Rockdiamond

Ideal_Rock
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Hi all!!

SO the answer is.....
SI1
And it's a desirable SI1 at that, in my opinion.
While we can't use the plot to fully assess the impact of the imperfections on the appearance of the stone, the fact that there's so much on the plot- yet it's still an SI1 grade gives us a hint.
When I examine this stone - with a 10 power loupe- I can only see the feathers and crystals from behind. They're impossible ( or super difficult) to spot using a loupe, looking into the table.
 

Karl_K

Super_Ideal_Rock
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I did not reply because plots should not be used to guess clarity grades. They can be misleading.
Often times si graded stones with multiple items on the plot are cleaner to the eye and or hazy than one with only 1-3 items on the plot more so if there is a comment of clouds not shown.
The way to tell that is not looking at the plot.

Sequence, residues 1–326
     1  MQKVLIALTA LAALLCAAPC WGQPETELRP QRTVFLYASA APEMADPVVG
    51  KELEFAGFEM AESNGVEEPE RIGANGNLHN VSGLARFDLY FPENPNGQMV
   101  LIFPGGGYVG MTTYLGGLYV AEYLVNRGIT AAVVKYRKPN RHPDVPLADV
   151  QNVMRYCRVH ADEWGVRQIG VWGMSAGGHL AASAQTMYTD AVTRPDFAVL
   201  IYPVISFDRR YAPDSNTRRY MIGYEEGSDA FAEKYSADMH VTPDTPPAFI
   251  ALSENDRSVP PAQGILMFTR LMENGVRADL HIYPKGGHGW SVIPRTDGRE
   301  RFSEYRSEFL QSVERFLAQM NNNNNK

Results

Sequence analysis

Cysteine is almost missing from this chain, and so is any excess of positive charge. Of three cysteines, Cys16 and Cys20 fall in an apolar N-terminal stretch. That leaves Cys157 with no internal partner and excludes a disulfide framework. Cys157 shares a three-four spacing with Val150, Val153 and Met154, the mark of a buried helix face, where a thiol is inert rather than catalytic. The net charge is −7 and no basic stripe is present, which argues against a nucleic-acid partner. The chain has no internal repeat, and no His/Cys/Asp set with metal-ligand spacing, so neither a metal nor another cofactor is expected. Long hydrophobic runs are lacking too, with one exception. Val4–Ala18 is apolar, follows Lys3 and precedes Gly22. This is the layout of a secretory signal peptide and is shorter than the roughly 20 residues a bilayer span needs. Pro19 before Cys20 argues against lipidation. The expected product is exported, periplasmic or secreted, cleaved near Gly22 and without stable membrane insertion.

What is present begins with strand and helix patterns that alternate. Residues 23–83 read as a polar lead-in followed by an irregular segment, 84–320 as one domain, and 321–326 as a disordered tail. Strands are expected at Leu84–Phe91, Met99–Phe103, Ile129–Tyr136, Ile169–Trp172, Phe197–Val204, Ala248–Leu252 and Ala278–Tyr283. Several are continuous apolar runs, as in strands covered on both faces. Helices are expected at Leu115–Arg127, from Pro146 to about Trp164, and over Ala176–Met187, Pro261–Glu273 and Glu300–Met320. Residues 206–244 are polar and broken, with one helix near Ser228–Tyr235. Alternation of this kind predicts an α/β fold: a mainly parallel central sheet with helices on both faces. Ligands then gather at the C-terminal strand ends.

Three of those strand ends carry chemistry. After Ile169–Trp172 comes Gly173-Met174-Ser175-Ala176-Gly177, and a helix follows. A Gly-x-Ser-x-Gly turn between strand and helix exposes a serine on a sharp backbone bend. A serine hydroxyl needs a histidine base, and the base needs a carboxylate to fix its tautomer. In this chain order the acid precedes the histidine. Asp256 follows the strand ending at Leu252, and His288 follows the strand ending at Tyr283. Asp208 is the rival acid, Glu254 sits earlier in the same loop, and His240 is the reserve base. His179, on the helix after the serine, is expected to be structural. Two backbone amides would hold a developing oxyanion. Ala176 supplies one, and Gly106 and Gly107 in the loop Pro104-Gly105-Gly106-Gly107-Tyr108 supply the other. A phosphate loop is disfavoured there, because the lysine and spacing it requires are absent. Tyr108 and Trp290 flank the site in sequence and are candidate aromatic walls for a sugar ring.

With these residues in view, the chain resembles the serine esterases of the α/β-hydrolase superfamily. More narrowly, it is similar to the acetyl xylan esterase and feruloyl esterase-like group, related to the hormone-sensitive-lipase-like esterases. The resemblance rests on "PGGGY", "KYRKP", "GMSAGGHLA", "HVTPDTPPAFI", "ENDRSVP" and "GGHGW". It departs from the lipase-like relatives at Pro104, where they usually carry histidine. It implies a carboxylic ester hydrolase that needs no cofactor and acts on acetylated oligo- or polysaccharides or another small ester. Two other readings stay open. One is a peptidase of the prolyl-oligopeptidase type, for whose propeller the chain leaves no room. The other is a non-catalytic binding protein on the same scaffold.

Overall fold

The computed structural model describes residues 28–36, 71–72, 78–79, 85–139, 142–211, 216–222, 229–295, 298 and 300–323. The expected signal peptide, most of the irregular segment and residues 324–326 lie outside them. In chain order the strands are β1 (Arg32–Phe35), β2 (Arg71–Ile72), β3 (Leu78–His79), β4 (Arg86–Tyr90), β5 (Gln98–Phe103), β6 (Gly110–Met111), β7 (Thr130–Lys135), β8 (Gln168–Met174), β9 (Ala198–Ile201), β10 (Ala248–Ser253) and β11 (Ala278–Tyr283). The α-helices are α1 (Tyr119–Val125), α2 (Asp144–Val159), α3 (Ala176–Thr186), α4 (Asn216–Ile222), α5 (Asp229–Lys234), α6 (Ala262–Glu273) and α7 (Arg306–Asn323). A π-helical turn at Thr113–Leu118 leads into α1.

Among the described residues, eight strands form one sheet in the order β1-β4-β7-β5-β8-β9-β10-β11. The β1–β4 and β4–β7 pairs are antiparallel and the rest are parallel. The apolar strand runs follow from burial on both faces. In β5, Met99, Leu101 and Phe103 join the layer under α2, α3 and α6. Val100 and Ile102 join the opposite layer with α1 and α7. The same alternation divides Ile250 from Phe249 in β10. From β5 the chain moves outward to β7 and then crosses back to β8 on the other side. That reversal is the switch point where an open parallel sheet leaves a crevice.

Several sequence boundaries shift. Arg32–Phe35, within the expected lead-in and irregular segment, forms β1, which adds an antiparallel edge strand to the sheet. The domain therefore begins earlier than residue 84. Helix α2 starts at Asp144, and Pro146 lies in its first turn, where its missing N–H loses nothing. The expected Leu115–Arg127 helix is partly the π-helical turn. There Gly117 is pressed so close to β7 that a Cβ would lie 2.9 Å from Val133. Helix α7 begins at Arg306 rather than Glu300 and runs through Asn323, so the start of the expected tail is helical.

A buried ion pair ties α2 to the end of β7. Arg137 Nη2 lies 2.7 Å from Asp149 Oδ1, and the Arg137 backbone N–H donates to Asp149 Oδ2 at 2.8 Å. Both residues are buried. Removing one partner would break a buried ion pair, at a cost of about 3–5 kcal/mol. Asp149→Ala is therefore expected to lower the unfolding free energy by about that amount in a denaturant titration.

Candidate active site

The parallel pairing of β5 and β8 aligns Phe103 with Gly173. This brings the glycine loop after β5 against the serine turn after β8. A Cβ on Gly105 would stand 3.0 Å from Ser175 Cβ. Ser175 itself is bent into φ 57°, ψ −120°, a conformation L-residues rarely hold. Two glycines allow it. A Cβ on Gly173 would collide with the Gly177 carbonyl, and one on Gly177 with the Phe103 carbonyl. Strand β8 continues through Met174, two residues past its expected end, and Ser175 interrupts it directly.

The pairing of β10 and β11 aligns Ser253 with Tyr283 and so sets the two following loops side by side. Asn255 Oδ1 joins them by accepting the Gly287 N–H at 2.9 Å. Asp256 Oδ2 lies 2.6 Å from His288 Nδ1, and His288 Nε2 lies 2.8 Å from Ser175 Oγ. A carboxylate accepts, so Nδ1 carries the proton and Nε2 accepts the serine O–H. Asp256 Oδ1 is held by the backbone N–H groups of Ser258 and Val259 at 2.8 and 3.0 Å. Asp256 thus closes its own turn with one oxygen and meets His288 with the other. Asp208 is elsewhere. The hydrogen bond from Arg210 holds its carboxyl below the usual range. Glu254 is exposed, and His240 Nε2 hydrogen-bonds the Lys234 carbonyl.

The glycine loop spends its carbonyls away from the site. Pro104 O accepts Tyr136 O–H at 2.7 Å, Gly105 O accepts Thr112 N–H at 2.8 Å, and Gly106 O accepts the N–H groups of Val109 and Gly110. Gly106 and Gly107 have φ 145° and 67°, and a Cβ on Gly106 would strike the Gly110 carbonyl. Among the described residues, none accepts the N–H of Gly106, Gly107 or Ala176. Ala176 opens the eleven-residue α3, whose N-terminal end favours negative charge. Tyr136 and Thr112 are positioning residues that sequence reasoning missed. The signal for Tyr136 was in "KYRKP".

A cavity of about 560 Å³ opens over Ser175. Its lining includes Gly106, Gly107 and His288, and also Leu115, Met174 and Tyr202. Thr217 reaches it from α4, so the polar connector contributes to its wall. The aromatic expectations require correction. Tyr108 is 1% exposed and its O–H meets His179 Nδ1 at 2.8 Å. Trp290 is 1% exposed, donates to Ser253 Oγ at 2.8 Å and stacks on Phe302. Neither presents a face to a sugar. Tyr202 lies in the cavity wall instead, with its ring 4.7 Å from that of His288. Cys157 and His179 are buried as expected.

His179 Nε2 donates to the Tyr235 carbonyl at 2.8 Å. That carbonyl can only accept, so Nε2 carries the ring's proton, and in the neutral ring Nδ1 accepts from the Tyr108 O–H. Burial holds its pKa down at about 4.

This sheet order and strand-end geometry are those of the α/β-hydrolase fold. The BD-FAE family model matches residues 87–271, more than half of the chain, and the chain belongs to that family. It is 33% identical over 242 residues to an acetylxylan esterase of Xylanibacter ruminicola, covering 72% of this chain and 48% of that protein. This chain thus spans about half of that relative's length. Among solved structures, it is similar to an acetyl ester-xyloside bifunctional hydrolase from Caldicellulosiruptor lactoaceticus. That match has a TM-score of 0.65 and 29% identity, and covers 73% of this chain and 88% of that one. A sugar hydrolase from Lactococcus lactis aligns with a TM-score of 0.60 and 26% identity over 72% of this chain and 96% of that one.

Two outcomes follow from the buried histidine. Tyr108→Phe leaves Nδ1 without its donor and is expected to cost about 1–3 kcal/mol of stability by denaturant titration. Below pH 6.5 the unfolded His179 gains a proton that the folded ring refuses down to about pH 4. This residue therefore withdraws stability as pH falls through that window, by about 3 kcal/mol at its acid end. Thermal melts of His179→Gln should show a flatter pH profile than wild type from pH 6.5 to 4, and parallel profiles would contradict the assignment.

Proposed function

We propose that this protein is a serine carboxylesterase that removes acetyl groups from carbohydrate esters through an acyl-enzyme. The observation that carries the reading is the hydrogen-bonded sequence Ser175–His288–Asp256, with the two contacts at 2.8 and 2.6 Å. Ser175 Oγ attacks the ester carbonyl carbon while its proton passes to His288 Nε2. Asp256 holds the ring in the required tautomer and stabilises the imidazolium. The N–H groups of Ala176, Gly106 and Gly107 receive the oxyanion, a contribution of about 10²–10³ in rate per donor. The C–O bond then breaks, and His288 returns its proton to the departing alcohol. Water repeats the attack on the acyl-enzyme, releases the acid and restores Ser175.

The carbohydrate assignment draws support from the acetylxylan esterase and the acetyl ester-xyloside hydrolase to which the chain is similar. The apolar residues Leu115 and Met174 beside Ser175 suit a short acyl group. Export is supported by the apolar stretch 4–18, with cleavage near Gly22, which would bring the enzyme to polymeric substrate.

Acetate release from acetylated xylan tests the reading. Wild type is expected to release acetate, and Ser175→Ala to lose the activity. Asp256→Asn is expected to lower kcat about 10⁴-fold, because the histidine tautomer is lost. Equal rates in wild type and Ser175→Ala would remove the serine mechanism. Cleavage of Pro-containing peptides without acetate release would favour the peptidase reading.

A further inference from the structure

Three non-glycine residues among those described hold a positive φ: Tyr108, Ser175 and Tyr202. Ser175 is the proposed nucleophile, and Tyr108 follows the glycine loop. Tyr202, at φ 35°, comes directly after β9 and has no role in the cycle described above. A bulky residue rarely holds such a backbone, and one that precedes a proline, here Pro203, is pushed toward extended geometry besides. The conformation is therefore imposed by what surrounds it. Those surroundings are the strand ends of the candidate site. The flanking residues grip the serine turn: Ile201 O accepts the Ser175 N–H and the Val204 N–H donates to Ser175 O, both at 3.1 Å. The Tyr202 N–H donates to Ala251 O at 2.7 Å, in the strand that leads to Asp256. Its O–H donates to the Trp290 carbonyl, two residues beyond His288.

Rockdiamond

Ideal_Rock
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You're correct Karl....one should never guess a clarity grade based on a GIA plot....unless it's on a PS poll:)

Seriously- my experience is exactly that- the plot is often misleading in a certain sense.
It's useful for identification purposes- but even that is truly intuitive.
It's nothing like looking at a photograph, for example.
 

Karl_K

Super_Ideal_Rock
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Often times si graded stones with multiple items on the plot are cleaner to the eye and or less chance of being hazy than one with only 1-3 items on the plot more so if there is a comment of clouds not shown.

edit to be more clear.
 

monipod

Brilliant_Rock
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Jun 25, 2019
Messages
565
I was just admiring my 2ct oval that is uncertified but if it came with a plot, I may not have bought it. It is a 'bluffy' I1 with all sorts of odd inclusions in it but in terms of sparkle, it punches well above its weight. I'm surprised the stone got an SI1 though.